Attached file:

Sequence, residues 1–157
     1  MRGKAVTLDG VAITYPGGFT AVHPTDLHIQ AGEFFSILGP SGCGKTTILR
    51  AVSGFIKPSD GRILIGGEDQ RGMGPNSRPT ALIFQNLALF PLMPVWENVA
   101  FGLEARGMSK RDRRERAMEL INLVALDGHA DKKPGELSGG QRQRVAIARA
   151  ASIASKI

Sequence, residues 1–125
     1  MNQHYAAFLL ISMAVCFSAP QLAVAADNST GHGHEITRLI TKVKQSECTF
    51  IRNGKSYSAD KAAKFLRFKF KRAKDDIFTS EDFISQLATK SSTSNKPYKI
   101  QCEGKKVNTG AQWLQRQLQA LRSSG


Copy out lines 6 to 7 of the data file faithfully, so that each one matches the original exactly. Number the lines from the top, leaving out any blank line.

Sequence, residues 1–125
     1  MNQHYAAFLL ISMAVCFSAP QLAVAADNST GHGHEITRLI TKVKQSECTF